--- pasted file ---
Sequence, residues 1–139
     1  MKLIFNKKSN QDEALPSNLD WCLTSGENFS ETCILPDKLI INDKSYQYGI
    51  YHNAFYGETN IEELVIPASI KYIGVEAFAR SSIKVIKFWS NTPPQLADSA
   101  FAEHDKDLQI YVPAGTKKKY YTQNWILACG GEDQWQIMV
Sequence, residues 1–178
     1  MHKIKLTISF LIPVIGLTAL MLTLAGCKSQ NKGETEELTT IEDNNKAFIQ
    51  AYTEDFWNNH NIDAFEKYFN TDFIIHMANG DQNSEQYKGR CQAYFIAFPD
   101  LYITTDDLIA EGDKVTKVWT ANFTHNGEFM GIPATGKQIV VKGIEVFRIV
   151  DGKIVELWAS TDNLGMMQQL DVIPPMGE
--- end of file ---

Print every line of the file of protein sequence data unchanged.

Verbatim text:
Sequence, residues 1–139
     1  MKLIFNKKSN QDEALPSNLD WCLTSGENFS ETCILPDKLI INDKSYQYGI
    51  YHNAFYGETN IEELVIPASI KYIGVEAFAR SSIKVIKFWS NTPPQLADSA
   101  FAEHDKDLQI YVPAGTKKKY YTQNWILACG GEDQWQIMV
Sequence, residues 1–178
     1  MHKIKLTISF LIPVIGLTAL MLTLAGCKSQ NKGETEELTT IEDNNKAFIQ
    51  AYTEDFWNNH NIDAFEKYFN TDFIIHMANG DQNSEQYKGR CQAYFIAFPD
   101  LYITTDDLIA EGDKVTKVWT ANFTHNGEFM GIPATGKQIV VKGIEVFRIV
   151  DGKIVELWAS TDNLGMMQQL DVIPPMGE